Shatter to face breath test incident questions

Minister for Justice confirms he failed to complete Garda breathalyser test

Minister for Justice Alan Shatter. Photograph: Bryan O’Brien

Minister for Justice Alan Shatter. Photograph: Bryan O’Brien


Minister for Justice Alan Shatter will face further searching questions from political opponents after he confirmed yesterday he failed to complete a breathalyser test because of an asthmatic condition when returning home from the Dáil some five years ago.

Mr Shatter released a statement yesterday confirming that an incident referred to by Independent TD Mattie McGrath in the Dáil yesterday occurred but did so three years earlier than alleged by the South Tipperary TD.

Mr Shatter said he had been stopped at a mandatory Garda checkpoint in Pembroke Street in Dublin and asked to exhale into a breathalyser.

“I did so but failed to fully complete the task due to my being asthmatic. I explained this to the Garda. I also explained that I was on my way home from Dáil Éireann and that I had consumed no alcohol of any nature that day. The garda consulted with another garda and I was waved on,” he said in the statement. It was issued late yesterday afternoon, some six hours after Mr McGrath had raised the matter during Leaders’ Questions in the Dáil.

Parliamentary privilege
In the Dáil, Mr McGrath had suggested the incident had happened in late February or early March 2011, in the period between the general election and Mr Shatter becoming Minister for Justice. While the incident happened three years earlier, some of the other assertions made by Mr McGrath under parliamentary privilege were confirmed by the Minister in his statement.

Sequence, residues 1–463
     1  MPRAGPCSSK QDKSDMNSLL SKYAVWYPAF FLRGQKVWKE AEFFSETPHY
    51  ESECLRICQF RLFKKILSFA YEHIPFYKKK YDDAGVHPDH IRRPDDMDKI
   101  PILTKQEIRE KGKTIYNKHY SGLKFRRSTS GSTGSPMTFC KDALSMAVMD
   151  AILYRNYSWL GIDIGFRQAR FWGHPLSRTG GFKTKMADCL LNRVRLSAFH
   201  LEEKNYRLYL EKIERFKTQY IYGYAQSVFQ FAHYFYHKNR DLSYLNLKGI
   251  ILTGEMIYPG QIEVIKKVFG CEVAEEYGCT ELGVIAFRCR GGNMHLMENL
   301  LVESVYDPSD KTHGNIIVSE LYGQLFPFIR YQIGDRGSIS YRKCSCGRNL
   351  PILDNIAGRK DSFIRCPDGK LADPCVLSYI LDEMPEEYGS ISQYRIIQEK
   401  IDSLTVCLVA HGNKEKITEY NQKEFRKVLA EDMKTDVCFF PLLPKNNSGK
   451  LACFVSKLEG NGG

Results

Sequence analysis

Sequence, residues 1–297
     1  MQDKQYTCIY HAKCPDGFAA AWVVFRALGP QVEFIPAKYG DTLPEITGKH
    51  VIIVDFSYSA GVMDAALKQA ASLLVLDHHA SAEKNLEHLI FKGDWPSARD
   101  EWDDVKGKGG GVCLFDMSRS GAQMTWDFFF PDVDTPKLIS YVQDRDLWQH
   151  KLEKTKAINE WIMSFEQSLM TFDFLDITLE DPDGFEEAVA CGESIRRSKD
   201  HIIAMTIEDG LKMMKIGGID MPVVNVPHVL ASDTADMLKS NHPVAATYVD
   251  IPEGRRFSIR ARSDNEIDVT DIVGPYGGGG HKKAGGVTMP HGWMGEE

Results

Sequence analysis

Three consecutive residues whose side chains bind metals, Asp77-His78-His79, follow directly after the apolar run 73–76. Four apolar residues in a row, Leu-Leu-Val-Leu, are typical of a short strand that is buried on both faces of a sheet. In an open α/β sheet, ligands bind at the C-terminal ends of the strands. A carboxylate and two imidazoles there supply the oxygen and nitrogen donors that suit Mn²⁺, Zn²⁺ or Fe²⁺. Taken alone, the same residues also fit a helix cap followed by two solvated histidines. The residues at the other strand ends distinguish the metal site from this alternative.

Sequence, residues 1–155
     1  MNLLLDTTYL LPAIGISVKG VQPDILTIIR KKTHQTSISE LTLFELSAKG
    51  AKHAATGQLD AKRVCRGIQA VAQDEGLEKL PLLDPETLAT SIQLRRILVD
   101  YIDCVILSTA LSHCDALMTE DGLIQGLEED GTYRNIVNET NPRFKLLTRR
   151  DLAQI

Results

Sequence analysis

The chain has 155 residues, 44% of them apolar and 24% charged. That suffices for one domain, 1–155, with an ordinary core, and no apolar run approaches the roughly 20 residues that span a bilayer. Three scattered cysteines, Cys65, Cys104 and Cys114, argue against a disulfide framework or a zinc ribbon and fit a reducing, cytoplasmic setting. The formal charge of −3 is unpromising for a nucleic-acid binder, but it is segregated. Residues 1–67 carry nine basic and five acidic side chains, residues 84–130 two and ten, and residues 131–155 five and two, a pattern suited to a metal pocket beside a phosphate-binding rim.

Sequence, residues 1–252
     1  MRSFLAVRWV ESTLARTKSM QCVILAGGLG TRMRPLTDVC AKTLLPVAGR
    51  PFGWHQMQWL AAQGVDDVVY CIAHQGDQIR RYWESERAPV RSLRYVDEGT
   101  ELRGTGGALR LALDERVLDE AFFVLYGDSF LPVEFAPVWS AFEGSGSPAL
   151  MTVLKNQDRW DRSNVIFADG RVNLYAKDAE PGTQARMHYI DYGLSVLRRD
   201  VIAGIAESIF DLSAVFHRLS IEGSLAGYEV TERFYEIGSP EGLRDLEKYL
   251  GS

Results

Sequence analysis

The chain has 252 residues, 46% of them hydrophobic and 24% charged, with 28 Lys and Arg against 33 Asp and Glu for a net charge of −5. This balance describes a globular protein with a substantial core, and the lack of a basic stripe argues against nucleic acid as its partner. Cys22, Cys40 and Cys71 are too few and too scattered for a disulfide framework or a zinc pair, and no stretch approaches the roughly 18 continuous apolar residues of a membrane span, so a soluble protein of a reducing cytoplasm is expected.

It is expected he will face further questions over the contention by Mr McGrath that he invoked parliamentary privilege under article 15 of the Constitution which holds that a TD cannot be arrested travelling to and from the Dáil. While Mr Shatter has said he informed the garda that he was returning home from the Dáil, no further details were given as to whether that played any part in the decision made by the Garda to exercise discretion.

In the course of his Dáil contribution, Mr McGrath also put the question as to “whether [Mr Shatter’s] behaviour and reaction to the request [to give a breath sample] was appropriate and indeed cordial”.

Government TDs said privately the development would lead to further embarrassment for Mr Shatter.

More questions
However, Mr McGrath and others said that many more questions now arise in relation to the incident. Opposition parties and TDs are expected to press him further.

One of the questions will relate to why he did not disclose the incident in the Dáil during the week when he made the statement on why he had disclosed details of a minor occurrence involving Deputy Mick Wallace last year. Mr Shatter made a reference to another incident last night. He said it happened some years ago when he was stopped while driving in a bus lane but said he pointed out the lane was open to all traffic at that time.